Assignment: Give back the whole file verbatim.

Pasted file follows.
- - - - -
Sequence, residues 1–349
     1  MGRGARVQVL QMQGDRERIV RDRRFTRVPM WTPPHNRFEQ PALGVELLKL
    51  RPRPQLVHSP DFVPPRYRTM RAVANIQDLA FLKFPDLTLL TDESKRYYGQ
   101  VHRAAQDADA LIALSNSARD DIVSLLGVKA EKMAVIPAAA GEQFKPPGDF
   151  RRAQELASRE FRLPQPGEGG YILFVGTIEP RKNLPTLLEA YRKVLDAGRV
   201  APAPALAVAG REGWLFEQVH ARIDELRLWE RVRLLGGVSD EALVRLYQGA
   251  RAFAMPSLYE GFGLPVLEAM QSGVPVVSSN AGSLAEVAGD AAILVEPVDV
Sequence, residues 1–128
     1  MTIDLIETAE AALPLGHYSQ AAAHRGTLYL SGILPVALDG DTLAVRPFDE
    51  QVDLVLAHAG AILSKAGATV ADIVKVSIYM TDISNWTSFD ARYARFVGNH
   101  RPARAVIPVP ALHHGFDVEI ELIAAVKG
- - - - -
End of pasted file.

Sequence, residues 1–349
     1  MGRGARVQVL QMQGDRERIV RDRRFTRVPM WTPPHNRFEQ PALGVELLKL
    51  RPRPQLVHSP DFVPPRYRTM RAVANIQDLA FLKFPDLTLL TDESKRYYGQ
   101  VHRAAQDADA LIALSNSARD DIVSLLGVKA EKMAVIPAAA GEQFKPPGDF
   151  RRAQELASRE FRLPQPGEGG YILFVGTIEP RKNLPTLLEA YRKVLDAGRV
   201  APAPALAVAG REGWLFEQVH ARIDELRLWE RVRLLGGVSD EALVRLYQGA
   251  RAFAMPSLYE GFGLPVLEAM QSGVPVVSSN AGSLAEVAGD AAILVEPVDV
Sequence, residues 1–128
     1  MTIDLIETAE AALPLGHYSQ AAAHRGTLYL SGILPVALDG DTLAVRPFDE
    51  QVDLVLAHAG AILSKAGATV ADIVKVSIYM TDISNWTSFD ARYARFVGNH
   101  RPARAVIPVP ALHHGFDVEI ELIAAVKG